The bottom line is this: you might have spent years putting in your time, slowly nurturing industry relationships, and earning valuable business. But millennials have a different career plan in mind.

By establishing a mentoring relationship with a young broker, you can show them how to take that restless energy and use it wisely. Millennials want and need you to guide them. In fact, 63% of millennial employees say that the reason they chose to work for their current employers was because of the “opportunities for growth and development.” This rated as more important to them than salary, benefits, or company culture.


Mentoring tips: 6 best practices for guiding and inspiring your younger colleagues

Here are our top tips for working with the millennial brokers in your life:

  1. Give them ample opportunities to contribute. Try giving them meaningful challenges to cut their teeth on. Pick projects that will challenge them, push their thinking, and create opportunities for them to learn by doing. For example, you can empower them to work on the big deals, to negotiate the important contracts, and to contribute ideas that will help grow the business.

  2. Allow for failure. If you’ve followed the advice above, then the hardest thing to do next is to step back and watch as your mentee makes their own mistakes. Yes, it can be hard to watch them struggle on something you’ve long since mastered. But fight the urge to give them all the answers right away: instead, patiently guide them through the process of trying (and sometimes failing). Give them the space to arrive at the answers themselves, even when those answers are obvious to you.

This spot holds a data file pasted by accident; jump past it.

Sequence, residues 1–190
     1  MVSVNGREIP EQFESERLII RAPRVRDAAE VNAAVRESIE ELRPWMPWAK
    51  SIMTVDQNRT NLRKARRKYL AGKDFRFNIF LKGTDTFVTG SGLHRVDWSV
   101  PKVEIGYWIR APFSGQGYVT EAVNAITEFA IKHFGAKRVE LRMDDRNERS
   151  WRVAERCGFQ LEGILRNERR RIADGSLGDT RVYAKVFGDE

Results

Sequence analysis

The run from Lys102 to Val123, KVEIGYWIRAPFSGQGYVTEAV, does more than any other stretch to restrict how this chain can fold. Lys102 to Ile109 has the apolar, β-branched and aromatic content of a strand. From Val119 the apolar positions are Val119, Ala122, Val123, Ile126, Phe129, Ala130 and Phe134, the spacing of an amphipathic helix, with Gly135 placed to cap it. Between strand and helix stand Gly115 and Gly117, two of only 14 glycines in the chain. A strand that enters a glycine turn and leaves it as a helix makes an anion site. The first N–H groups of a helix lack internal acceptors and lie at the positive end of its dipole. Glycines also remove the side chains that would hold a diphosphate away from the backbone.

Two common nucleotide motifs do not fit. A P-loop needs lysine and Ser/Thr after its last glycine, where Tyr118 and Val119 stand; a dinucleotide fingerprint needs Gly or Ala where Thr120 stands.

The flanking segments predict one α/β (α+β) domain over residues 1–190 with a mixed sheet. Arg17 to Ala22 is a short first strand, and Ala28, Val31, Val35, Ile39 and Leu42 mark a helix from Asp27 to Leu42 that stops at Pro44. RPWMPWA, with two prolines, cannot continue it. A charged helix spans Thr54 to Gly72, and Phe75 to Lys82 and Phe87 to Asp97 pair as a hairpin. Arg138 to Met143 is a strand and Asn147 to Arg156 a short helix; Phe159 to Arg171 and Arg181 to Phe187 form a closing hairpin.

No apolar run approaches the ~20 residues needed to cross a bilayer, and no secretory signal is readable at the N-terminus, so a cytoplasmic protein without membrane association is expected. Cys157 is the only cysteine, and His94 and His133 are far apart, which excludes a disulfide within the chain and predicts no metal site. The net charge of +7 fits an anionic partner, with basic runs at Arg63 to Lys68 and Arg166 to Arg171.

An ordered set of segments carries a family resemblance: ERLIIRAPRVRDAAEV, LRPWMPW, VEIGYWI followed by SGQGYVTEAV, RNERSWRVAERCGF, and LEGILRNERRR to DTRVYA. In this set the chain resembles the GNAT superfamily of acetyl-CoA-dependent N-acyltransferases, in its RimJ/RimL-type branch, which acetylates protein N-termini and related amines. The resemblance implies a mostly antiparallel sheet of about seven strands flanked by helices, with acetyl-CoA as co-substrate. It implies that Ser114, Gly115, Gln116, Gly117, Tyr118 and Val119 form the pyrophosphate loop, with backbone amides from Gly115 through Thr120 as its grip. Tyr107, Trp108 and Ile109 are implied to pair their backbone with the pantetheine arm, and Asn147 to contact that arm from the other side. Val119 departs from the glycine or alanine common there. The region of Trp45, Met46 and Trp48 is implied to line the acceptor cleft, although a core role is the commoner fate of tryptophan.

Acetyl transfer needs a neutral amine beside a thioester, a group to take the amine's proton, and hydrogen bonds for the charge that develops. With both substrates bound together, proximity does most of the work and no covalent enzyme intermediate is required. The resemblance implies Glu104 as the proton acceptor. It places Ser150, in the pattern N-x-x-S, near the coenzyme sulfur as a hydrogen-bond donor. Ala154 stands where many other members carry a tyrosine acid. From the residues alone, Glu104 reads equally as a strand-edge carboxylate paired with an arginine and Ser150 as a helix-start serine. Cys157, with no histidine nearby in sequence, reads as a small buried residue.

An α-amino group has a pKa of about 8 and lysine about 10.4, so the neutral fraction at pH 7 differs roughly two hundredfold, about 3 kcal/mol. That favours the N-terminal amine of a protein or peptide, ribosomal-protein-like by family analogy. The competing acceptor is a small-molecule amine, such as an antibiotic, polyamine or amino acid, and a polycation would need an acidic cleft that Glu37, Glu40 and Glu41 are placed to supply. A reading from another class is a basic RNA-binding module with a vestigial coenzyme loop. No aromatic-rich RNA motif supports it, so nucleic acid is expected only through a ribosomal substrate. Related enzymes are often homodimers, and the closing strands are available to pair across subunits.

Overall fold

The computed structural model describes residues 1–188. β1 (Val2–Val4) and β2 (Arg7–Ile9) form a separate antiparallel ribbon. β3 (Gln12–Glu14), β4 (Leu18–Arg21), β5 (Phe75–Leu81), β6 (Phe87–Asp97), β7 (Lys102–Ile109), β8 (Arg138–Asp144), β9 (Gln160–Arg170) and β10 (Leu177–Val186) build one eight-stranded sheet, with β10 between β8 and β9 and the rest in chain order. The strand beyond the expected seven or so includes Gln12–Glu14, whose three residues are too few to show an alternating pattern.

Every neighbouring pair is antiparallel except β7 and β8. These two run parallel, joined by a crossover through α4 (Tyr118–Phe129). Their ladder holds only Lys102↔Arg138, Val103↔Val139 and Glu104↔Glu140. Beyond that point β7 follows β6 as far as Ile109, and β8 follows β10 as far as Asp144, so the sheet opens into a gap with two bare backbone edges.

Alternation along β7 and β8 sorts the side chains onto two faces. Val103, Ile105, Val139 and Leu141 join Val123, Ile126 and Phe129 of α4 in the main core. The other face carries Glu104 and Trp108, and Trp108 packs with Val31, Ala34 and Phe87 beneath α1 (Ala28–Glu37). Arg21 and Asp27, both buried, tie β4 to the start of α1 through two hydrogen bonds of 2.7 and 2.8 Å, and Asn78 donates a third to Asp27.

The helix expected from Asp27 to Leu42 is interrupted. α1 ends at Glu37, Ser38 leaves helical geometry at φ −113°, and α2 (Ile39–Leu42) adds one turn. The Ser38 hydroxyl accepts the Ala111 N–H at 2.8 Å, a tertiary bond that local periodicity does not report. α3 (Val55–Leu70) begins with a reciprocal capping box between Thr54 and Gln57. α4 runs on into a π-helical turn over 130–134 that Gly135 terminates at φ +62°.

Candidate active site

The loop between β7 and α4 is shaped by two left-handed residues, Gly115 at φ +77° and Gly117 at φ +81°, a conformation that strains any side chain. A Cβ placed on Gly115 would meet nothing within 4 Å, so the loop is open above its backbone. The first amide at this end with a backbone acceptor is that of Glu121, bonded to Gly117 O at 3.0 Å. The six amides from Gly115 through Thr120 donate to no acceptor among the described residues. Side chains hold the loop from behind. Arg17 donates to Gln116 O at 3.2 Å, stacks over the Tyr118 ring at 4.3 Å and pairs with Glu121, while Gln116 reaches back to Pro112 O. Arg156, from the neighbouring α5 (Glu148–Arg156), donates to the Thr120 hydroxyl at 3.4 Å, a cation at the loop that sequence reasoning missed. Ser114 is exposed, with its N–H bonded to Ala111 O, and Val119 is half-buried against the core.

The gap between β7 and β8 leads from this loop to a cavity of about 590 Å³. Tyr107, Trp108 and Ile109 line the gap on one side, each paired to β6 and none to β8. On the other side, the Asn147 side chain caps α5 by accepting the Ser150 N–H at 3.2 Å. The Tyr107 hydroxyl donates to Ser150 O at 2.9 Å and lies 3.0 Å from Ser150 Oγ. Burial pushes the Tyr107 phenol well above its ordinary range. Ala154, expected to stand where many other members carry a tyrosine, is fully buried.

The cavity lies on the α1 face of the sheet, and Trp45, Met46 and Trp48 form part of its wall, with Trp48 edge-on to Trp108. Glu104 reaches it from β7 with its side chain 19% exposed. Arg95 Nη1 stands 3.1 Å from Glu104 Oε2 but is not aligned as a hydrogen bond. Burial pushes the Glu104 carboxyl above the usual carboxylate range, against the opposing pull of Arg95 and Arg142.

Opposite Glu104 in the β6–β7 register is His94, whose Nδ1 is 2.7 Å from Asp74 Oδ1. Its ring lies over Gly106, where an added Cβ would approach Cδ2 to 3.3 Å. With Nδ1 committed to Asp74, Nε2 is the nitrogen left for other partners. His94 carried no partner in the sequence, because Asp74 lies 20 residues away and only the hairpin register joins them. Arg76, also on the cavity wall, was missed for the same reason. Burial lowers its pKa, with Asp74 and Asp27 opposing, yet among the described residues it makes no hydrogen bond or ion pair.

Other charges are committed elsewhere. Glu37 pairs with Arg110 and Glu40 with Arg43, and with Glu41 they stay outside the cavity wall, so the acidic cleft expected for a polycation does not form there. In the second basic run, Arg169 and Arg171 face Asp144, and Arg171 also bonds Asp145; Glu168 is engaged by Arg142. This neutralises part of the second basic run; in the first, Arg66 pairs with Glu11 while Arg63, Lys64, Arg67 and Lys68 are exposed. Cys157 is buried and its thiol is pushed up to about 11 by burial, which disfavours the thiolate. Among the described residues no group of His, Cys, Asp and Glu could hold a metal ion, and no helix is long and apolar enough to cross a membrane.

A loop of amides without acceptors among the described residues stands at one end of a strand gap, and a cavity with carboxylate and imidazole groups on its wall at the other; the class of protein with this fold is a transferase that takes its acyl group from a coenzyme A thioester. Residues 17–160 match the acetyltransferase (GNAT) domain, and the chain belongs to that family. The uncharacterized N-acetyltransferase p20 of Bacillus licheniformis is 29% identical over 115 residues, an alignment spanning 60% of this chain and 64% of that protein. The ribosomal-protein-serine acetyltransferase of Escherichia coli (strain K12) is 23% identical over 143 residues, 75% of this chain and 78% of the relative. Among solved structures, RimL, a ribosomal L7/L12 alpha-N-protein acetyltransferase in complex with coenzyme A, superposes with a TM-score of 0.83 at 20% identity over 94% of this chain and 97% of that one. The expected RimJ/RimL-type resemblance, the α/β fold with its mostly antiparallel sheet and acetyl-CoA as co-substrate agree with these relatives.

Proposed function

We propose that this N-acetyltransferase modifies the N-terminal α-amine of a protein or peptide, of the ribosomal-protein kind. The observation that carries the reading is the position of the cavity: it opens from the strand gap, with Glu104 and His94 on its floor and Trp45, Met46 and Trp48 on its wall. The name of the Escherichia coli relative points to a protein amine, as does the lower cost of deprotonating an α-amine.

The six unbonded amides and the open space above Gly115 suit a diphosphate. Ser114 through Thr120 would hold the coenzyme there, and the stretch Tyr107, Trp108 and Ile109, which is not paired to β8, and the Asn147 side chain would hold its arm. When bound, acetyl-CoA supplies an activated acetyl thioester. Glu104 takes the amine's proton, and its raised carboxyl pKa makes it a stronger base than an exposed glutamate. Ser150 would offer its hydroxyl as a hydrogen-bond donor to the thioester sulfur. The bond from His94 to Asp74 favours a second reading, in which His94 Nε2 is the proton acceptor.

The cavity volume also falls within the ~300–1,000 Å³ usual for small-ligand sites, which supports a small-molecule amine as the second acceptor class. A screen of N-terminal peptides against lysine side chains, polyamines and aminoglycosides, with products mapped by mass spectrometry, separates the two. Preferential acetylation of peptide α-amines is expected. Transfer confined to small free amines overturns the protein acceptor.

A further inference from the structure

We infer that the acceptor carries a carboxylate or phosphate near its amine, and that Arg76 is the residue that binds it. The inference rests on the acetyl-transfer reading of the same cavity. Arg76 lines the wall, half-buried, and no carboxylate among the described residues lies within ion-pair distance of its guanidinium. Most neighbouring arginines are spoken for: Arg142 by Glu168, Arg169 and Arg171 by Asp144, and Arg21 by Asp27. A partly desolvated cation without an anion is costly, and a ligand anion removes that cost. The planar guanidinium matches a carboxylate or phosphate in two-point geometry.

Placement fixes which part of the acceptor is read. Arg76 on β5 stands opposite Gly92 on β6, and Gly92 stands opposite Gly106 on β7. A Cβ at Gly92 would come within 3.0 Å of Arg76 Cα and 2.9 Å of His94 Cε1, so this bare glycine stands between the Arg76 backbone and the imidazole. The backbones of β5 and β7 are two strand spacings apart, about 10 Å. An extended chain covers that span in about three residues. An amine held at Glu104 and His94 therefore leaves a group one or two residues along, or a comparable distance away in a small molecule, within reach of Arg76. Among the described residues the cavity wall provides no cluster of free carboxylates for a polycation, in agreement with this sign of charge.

3. Share your own mistakes. Your mistakes are worth something—and now’s the time to cash them in. Being open about your own missteps not only fosters trust between you and your mentee, but it makes them feel safe coming to you when they’re feeling stuck, think they’ve flubbed a big deal, or are just not sure what to do and need your advice. Take the time to walk them through some of your biggest failures: what did you do? Why did you do it? How would you do it over again, given the chance? 

  4. Let them in on a few trade secrets. Give your mentee insights into your business and your world. How does it run? Who are the major players? What are the invisible relationships and unspoken rules they need to understand? Have these conversations often. Make sure their urge to leap in and make an impact is tempered by the wisdom and hard-won perspectives only you can provide.
     
  5. Tell them how they’re doing. Millennials want and expect ample, frequent feedback—whether it’s good or bad. They value transparency and openness, and will respect you for providing your honest take on their progress. Show them the ways they can improve, but also remember to celebrate their achievements!
     
  6. Take an interest in who they are and what they can teach you. Mentorship is a reciprocal relationship. Get to know your mentee as a person, and share a little about yourself beyond just work life. You may be surprised at what you have in common, despite your generational differences. Also remember that your mentee may have valuable things to teach you. For instance, they already have an intuitive grasp of technology: why not ask them how they think you could use it to leapfrog the competition?

We hope you enjoyed these insights and can apply them in your brokerage—and if you’ve got any of your own ideas or tips to add, please let us know! We’d love to hear how you’re connecting with and mentoring millennial employees at your brokerage.